The RRJ’s Sean Young reports on new editorial directions at Xtra, while the publication reacts to a pandemic and police brutality protests in ways only queer community journalism can
“They’re a great way of archiving queer spaces when they’re gone.” Our tour guide gestures toward a rainbow of matchbooks, each from a different since-closed bar, club or business somewhere in the country. One from Chaps, a gay bar that used to be on Isabella Street in Toronto. One from Auberge (the French word for inn), a queer-friendly hostel in Montreal that’s since been renamed and rebranded. It’s just me and my friend who have booked tickets on this open house tour at the ArQuives (formerly the Canadian Lesbian and Gay Archives) in Toronto’s Village on a rainy evening in early December 2019.
A lot of the businesses on the table would have been in Xtra’s classifieds at some point during its print run (the publication went all digital in 2015), when the magazine made much of its money off advertising for local queer businesses. Now that the focus is global, the revenue has to come from somewhere else. Dating services are one stream, and a limited mix of local/more global ads helps as well. Xtra’s editorial director, Rachel Giese, told me she thinks advertising is “just not the future at all.” And the journalism landscape currently might be proving her right: the COVID-19 pandemic has led to a dearth of advertising, which is being blamed for vast layoffs in the industry.
A lot of what inspired me to report this story for the Ryerson Review of Journalism was seeing shakeups and shutdowns across queer journalism. However, it looked like Xtra was growing.
While mainstream newsrooms seem to be increasingly covering queer stories, distinctly queer publications such as Xtra serve a niche that remains underserved by mainstream media, whose newsrooms in Canada are still majorly white, straight, and cis.
Xtra has been providing crucial work for LGBTQ2IA+ communities as multiple and overlapping public health crises ensue, between COVID-19 states of emergency and relentless anti-Black violence (recently declared a public health crisis in Toronto).
Senior editor Eternity Martis told me in an interview that when she was applying for her first job with Xtra in 2016, “it felt like a place where they would be open to something that’s progressive and open to different identities than in legacy media. And I was completely right.”
Since our RRJ spring 2020 issue went to print, the world has changed substantially. Xtra’s coverage reflects that, with an eye to what LGBTQ2IA+ communities need now. In May, the site featured an editorial series on the magic of masturbation, particularly in pandemic isolation. The publication collected stories on trans and non-binary mental health during the pandemic. Contributor Jessica Zucker wrote about how the COVID-19 pandemic affects LGBTQ2 people with periods.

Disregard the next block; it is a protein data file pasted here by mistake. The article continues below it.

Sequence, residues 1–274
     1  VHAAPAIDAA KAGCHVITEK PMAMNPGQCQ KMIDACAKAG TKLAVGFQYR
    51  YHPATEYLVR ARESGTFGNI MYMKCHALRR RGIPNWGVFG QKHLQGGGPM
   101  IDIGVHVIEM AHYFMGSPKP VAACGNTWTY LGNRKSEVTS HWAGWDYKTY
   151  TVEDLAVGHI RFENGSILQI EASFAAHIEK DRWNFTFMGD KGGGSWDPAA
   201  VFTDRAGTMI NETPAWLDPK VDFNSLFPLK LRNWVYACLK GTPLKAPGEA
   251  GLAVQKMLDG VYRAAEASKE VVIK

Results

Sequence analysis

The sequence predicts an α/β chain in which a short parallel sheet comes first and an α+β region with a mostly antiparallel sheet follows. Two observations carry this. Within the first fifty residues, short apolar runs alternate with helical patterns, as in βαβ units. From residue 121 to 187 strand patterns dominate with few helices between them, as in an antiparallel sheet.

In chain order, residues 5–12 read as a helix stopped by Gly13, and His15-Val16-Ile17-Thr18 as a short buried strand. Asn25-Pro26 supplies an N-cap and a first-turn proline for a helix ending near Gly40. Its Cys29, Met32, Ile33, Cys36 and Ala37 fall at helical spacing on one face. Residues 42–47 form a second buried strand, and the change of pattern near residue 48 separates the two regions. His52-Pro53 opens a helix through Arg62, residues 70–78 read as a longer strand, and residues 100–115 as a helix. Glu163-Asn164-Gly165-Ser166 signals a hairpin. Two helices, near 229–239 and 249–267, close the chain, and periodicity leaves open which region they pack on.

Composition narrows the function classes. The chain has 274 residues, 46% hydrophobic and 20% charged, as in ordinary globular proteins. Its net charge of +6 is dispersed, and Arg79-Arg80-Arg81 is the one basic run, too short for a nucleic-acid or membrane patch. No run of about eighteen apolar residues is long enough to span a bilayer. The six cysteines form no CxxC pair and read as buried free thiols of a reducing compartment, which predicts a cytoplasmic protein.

On May 31, as protests against anti-Black violence and police brutality spread across the world, Xtra responded with a Twitter thread expressing its solidarity. The thread included Martis’s 2019 explainer on why Toronto police don’t march in Pride, citing Black Lives Matter Toronto’s 2016 sit-in protesting against Pride Toronto’s history of anti-Blackness. Xtra, in the days since, has been bringing attention to the Black LGBTQ2IA+ voices in its digital pages, including contributor Almah LaVon Rice’s piece on how misogyny and anti-Black racism (or misogynoir) in the medical system keeps queer Black women from getting the care they need. The Globe and Mail, on June 3, announced it will be capitalizing “Black” in its stories when referring to Black people from now on. Xtra has had that style in place for a few years, spurred on by the work of Martis, who also helped the RRJ make the same change in its pages in 2016. Canadian Press finally followed suit on June 9.
What would have been the Pride parade weekend in Toronto has gone by without its usual fanfare. But in its place, we’ve seen queer people supporting their fellow community members in new ways, increasingly through digital channels.
For its part, in mid-June, Xtra decided to extend that support by dedicating some of their aforementioned ad space to LGBTQ2+ organizations that need the visibility amidst cancelled Pride events. Yonge Street didn’t see rainbow flags flying by on branded floats. But Xtra did what it does best, using community media to foster connection in uncertain times.
Editor’s note: J-Source editor-in-chief Sonya Fatah is an instructor at the Ryerson Review of Journalism.